Build your own Spam Classifier using Naive Bayes - Machine Learning.

Build your own spam classifier using Naive Bayes classifier that is able to detect the spam and ham messages seperatly.

In the initial phase of machine learning, you're more likely to deal with classification models. Sometimes maybe you'll wonder which project is the best to start the journey toward classification problems. Spam classification and Digit recognition are two of the projects both beginners and experts consider since it gives you a basic idea of how things are done in classification.
Let's create a Spam classifier using Naive Bayes and Tf-IDF Vectorizer.

Loading the Dataset

Dataset can be downloaded from Kaggle. Lots of datasets are available in Kaggle of different messages and the type you may receive sometimes.

#Loading the dataset

import pandas as pd

df = pd.read_csv('sms_spam.csv')


ham     4812
spam     747
Name: type, dtype: int64

Dataset can be fetched by the read_csv function in pandas. This particular dataset contains 5559 rows of 747 Spam and 4812 Ham messages. However,  one thing is missing, we need the labels in numbers, for instance, we can add another column to the dataset containing 0 and 1 for ham and spam respectively.

# assigning labels to the dataset, 0 for ham and 1 for spam

df['label_num'] = df['type'].apply(lambda x: 1 if x == 'spam' else 0)

Now if you run this code it will create a new column at the end with the specific labels for each message.

Splitting the dataset

Usually, we split the entire dataset into train and test data for the model to perform. The model is trained by the training data and its corresponding labels. Then it can be tested with the test data to check whether the model is good at predicting or not.

#splitting the dataset

from sklearn.model_selection import train_test_split

X_train, X_test, y_train, y_test = train_test_split(df['text'], df['label_num'], test_size=0.3, random_state=42)

 rows in train and test set -

print("train set:", X_train.shape)  # rows in train set
print("test set:", X_test.shape)  # rows in test set

Tf-IDF Vectorization

Tf-IDF is one of the efficient statistical methods to figure out the words that are relevant in a text, sentence, or paragraph. We know that the messages are texts, however, computers aren't good at texts so Tf-IDF helps to convert the texts to corresponding numerical values so as to fit the data to the model.

from sklearn.feature_extraction.text import TfidfVectorizer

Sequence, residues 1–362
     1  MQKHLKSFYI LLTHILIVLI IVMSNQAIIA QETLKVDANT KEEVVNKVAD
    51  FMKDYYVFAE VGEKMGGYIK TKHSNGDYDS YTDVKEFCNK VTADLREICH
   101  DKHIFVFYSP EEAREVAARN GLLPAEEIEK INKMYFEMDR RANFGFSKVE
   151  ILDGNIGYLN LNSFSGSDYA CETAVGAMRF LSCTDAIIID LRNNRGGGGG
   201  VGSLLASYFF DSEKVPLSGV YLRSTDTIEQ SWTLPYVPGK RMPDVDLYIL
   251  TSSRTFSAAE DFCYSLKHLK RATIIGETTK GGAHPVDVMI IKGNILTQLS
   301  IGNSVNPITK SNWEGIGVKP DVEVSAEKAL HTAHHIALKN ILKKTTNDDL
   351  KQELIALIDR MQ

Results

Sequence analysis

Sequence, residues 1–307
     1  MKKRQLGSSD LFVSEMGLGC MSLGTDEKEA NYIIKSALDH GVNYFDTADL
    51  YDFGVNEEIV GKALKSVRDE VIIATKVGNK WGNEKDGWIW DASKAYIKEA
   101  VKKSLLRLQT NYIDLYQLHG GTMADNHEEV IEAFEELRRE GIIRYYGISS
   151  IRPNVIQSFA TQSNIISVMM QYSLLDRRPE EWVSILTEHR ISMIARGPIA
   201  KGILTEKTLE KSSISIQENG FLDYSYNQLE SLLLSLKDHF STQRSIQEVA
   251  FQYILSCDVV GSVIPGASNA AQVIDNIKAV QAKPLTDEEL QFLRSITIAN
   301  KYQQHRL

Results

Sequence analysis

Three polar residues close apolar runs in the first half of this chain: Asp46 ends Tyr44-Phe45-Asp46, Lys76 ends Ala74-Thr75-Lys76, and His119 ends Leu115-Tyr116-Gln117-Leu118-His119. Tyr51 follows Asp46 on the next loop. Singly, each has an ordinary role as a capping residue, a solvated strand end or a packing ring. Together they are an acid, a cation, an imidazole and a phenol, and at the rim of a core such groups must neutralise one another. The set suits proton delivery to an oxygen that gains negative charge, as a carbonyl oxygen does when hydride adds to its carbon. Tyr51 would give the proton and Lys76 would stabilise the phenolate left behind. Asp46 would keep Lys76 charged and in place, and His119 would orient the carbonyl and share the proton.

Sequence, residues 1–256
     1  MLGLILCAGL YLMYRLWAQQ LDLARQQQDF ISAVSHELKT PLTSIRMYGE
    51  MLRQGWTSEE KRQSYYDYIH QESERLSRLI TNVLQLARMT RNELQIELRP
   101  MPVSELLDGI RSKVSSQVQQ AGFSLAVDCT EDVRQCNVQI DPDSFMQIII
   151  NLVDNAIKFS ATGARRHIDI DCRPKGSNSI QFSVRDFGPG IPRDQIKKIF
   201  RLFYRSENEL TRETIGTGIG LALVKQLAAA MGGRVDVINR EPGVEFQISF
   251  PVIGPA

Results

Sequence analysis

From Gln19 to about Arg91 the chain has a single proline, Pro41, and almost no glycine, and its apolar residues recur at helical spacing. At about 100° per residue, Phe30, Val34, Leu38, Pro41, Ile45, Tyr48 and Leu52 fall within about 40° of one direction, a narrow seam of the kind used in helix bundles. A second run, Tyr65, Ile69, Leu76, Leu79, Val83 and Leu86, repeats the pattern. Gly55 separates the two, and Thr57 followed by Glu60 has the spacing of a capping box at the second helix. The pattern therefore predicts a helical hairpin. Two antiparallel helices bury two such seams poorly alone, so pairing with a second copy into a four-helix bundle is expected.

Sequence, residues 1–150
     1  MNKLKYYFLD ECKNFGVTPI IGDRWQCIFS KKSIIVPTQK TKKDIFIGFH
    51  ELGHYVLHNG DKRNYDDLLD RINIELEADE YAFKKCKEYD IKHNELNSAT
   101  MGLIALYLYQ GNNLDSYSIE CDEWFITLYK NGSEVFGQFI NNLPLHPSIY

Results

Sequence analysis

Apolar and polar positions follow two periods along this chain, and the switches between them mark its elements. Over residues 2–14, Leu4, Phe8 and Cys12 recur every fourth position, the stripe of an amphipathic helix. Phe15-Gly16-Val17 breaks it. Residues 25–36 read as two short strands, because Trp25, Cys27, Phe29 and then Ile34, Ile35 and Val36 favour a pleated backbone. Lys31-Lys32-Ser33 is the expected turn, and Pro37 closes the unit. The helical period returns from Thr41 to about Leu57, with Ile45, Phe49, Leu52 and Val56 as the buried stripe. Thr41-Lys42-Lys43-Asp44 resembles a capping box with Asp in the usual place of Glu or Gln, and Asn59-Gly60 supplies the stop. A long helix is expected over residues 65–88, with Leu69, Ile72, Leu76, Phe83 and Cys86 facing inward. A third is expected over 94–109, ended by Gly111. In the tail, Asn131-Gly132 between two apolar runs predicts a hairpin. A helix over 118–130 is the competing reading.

from sklearn.naive_bayes import MultinomialNB

# Converting X_train to a list
lst = X_train.tolist()

# Applying Tf-IDF Vectorization
vectorizer = TfidfVectorizer(input = lst, lowercase = True, stop_words = "english")
train_transformed = vectorizer.fit_transform(X_train)
test_transformed = vectorizer.transform(X_test)

# Fit the transformed train data to the model.
model = MultinomialNB(), y_train)

Here we applied the Tf-IDF vectorizer and fitted the transformed train data to the Multinomial Naive Bayes classifier. Now let's look at the predictions made by the model.

Run this code to see the predictions and compare them with actual values. 

prediction = model.predict(test_transformed)
actual = y_test

print("Prediction:", list(prediction))
print("Actual:    ",list(actual))

Evaluating the Model

Confusion matrix:-

from sklearn.metrics import confusion_matrix

matrix = confusion_matrix(prediction, actual)

array([[1457,   52],
       [   0,  159]], dtype=int64)
precision = matrix[1][1]/(matrix[1][1]+matrix[0][1])
recall = matrix[1][1]/(matrix[1][1]+matrix[1][0])
f1score = matrix[1][1]/(matrix[1][1]+(matrix[1][0]+(matrix[0][1]/2)))

print("precision score:", precision)
print("recall score:", recall)
print("f1_score:", f1score)

precision score: 0.7535545023696683
recall score: 1.0
f1_score: 0.8594594594594595

The scores are not bad at all. Now if you look at the recall score(sensitivity) and the precision score is 1.0 and 0.75.. respectively. The recall is so high that the model can identify most of the True Positives. This means the model is able to classify most of the spam messages including some ham messages. However, the precision and f1 scores are also not bad. 

Let's predict some real messages. Here are some messages that I received in the past.

Congragulations! You have won a $10,000. Go to to claim now.
Get $10 Amazon Gift Voucher on Completing the Demo:- click this link to claim now
You have won a $500. Please register your account today itself to claim this offer
Please dont respond to missed calls from unknown international numbers Call/ SMS on winning prize. lottery as this may be fraudulent call.

messages = ["Congragulations! You have won a $10,000. Go to to claim now.",
           "Get $10 Amazon Gift Voucher on Completing the Demo:- click this link to claim now",
           "You have won a $500. Please register your account today itself to claim now",
           "Please dont respond to missed calls from unknown international numbers Call/ SMS on winning prize. lottery as this may be fraudulent call."

message_transformed = vectorizer.transform(messages)

new_prediction = model.predict(message_transformed)

for i in range(len(new_prediction)):
    if new_prediction[i] == 0:

The first three messages I received were spam and the last one is probably ham. The model prediction is correct when I run this code. However, this model may not be that perfect for a real-life application since this is a basic understanding of spam classification. but you can optimize the model with some of the performance measures like Grid Search. Try to collect more datasets and work with some of the good datasets available there on platforms like Kaggle.